An electrochemical sensor consists of a chamber with two or three electrodes and an electrolyte. A membrane, such as a porous PTFE-sheet, prevents the electrolyte from leaving the chamber.
In chemosorption, the sensor element is integrated with a diplexer. The sensor element has the ability to change its electrical resistance depending on surrounding gas concentrations.
The CI-sensor consists of special gas sensitive material that has the ability to bound ammonia to itself. By absorbing NH3 molecules the “Charge Carriers” of the ammonia is injected into the new sensor material (Injection).
The measuring and warning devices for explosive gases and vapours primarily use the catalytic combustion measuring principle. The catalytic combustion measurement is performed with the help of a “Wheatstone bridge”.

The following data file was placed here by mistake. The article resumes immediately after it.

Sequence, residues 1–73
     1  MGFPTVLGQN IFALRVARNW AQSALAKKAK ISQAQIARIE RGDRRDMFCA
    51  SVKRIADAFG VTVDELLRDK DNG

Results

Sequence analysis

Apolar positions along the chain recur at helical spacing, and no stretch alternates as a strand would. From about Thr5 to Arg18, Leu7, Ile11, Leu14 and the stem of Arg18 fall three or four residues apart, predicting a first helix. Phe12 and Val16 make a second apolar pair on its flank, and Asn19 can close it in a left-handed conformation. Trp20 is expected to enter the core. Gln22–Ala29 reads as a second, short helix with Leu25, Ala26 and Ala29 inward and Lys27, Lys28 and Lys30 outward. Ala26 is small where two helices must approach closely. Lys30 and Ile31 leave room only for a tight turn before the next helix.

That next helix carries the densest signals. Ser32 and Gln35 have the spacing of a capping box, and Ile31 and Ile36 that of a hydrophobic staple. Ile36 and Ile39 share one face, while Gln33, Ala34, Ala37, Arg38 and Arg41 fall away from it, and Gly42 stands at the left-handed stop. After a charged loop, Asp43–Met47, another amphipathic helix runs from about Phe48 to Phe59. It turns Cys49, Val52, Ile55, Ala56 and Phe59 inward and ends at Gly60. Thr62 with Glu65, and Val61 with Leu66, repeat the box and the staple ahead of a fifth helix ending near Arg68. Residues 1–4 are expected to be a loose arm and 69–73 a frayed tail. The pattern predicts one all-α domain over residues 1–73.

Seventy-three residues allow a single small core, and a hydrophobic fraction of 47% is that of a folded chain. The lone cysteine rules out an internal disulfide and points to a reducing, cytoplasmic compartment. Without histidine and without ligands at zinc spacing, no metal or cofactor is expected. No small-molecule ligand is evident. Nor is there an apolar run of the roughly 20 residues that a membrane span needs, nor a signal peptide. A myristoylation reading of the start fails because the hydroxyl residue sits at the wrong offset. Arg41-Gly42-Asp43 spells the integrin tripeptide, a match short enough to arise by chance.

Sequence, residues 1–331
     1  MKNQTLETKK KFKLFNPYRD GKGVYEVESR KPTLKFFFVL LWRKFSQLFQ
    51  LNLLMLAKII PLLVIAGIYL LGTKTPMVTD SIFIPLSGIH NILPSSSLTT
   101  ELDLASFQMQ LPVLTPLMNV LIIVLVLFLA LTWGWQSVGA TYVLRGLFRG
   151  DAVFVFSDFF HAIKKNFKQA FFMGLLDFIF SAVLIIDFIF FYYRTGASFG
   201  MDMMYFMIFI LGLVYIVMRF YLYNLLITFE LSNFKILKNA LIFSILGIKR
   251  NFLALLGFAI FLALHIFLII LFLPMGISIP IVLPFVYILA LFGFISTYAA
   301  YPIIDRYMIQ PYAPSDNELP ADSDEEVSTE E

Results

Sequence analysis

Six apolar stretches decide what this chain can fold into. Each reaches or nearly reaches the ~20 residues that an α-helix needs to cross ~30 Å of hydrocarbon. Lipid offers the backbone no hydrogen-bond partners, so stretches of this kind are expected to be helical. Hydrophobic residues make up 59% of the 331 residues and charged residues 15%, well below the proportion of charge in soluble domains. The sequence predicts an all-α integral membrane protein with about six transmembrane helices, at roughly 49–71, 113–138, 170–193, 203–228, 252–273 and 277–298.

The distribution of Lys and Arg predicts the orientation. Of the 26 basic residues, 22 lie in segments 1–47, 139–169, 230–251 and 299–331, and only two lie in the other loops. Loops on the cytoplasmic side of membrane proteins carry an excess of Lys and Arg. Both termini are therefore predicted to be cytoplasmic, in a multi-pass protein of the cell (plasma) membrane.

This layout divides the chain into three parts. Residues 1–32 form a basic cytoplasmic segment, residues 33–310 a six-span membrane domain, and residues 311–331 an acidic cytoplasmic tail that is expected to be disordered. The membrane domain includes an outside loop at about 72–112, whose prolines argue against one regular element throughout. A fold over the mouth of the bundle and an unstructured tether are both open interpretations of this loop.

The infrared measurement principle utilizes the characteristic of gas to absorb light in some defined wavelength ranges (bands). Heteroatomic gases such as CO2, CH4, NO2, and C2H2 can be measured with infrared sensors.
Thermal conductivity is used to measure gas concentrations up to 100% volume. Thermal conductivity is suitable for measuring combustible and toxic gases. It is, however, not suitable for monitoring in the LEL range.
This method is proper for the detection in percent range and in particles per million (ppm). The response time of the oxygen sensor is very quick and the detection principle features a good long time stability and selectivity.
GfG sets uncompromising standards in gas detection and sensor technology for measuring and warning of potentially hazardous environments. Over 500 gases can be monitored with GfG transmitters. The gases are divided into three groups: EX, OX, and TOX.
All combustible and explosive gases are combined under the term “EX.” The LEL range (Lower Explosion Limit) is measured in ppm.
“OX” stands for oxygen. Detection normally serves to monitor the air we breathe, and is measured in % volume (the oxygen in air = 20.9% volume).
“TOX” describes all poisonous (toxic) gases. These gases are generally monitored for personal protection; for example, monitoring the TLV (Threshold Limit Value). The range is measured in ppm.